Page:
Self-control, an essential quality for any leader and team if they are going to perform near to their capability. It is necessary that the leader demonstrates self-control if he expects his team to have self-control. Craig Impelman
How’s your self-control? When your “buttons” are being pushed can you immediately feel the discomfort? And, despite this ill feeling, do you have the ability to think calmly and respond appropriately? It’s not easy.
Having the skill to respond with purpose and remain composed is something that we as leaders need to strive for on a daily basis. We need to continually improve our communication, interactions and relationships with our staff, customers, and situations.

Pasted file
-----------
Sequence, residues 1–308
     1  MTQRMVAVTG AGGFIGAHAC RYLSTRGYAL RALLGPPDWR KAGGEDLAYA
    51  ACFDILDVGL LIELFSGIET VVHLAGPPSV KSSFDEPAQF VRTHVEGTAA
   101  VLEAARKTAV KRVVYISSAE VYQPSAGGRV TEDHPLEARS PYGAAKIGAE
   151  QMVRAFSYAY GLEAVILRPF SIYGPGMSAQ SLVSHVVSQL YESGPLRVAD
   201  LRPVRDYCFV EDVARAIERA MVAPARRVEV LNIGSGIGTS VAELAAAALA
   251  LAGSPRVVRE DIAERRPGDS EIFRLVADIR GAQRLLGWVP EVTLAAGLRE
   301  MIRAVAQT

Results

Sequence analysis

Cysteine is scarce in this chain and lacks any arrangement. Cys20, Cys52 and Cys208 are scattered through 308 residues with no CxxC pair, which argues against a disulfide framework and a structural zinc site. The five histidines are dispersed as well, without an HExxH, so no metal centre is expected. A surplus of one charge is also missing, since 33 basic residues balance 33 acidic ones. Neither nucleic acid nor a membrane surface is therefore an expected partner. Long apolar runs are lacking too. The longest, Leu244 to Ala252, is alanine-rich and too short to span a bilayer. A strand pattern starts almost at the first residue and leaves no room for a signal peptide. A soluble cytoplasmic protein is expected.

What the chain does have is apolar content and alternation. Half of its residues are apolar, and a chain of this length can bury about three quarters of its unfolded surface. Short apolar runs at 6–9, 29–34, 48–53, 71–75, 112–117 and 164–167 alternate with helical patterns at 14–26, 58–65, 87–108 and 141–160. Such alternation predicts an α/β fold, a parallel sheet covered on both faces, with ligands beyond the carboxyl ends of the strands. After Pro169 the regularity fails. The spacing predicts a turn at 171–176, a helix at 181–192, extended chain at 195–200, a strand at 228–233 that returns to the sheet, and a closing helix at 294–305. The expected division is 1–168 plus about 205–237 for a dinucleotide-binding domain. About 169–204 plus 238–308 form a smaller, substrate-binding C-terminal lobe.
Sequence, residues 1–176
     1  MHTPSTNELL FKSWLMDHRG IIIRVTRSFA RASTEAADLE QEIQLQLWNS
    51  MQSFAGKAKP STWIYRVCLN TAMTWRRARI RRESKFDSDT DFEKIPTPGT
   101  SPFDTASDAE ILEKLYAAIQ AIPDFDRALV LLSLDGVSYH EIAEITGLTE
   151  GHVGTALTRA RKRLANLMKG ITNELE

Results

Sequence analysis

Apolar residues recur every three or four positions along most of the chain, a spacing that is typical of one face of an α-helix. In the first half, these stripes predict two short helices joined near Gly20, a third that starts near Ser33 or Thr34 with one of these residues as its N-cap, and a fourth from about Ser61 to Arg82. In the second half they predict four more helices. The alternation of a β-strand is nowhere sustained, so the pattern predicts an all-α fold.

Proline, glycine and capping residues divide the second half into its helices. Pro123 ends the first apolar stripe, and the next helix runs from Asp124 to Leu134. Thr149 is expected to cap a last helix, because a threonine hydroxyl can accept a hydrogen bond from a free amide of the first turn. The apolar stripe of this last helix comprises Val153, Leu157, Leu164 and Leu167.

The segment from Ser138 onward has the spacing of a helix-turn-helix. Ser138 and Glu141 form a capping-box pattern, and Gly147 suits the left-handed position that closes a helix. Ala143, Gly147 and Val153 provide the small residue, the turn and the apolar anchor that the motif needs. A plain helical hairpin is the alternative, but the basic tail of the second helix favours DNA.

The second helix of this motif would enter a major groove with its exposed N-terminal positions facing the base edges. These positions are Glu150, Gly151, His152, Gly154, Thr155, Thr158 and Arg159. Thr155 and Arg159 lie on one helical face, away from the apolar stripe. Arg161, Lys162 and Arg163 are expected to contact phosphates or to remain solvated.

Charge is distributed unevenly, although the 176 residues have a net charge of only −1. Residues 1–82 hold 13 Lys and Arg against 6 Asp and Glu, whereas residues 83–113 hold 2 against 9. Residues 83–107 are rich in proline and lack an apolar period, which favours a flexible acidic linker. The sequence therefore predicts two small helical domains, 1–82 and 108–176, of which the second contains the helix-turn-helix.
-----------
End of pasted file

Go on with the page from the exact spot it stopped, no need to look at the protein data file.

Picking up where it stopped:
Our level of effectiveness is directly tied to self-control and being aware. We all have hot buttons and we all know individuals that seem to have a “gift” to light those buttons up. Some common items that lend themselves to control issues include:
- Inaccurate/incomplete information
- Not being informed of problems
- Lack of commitment or accountability
- Lack of effort and collaboration
When things happen that we didn’t expect, others are watching us to see how we respond. Once we lose our composure, the damage is done and may not be recovered from even when our composure is restored.
Highly effective leaders are in control of their emotions at all times. We may need to postpone a response, use the restroom, or take an “urgent” call allowing us time to regroup and regain our control.
Remaining calm under pressure takes work. What techniques do you use that enable you to be composed and in control? Let us know!
THIS WEEK’S QWIKTIP!